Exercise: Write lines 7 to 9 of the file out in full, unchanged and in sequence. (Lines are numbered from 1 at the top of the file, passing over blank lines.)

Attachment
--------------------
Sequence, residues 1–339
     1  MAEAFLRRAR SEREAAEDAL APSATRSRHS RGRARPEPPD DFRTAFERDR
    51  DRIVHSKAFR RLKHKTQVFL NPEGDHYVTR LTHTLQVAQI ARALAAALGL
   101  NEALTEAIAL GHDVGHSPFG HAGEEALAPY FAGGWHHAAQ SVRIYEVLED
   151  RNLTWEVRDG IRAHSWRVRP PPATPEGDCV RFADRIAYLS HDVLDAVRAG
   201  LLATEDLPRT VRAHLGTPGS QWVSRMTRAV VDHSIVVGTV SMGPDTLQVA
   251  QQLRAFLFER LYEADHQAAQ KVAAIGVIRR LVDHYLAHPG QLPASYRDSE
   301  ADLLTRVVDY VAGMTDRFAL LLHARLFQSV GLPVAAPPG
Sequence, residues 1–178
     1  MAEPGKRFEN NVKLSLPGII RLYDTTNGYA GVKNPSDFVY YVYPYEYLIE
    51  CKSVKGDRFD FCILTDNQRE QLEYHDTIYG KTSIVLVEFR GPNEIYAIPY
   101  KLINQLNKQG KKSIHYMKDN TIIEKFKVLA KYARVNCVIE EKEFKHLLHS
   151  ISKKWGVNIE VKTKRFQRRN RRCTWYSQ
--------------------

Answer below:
   251  QQLRAFLFER LYEADHQAAQ KVAAIGVIRR LVDHYLAHPG QLPASYRDSE
   301  ADLLTRVVDY VAGMTDRFAL LLHARLFQSV GLPVAAPPG
Sequence, residues 1–178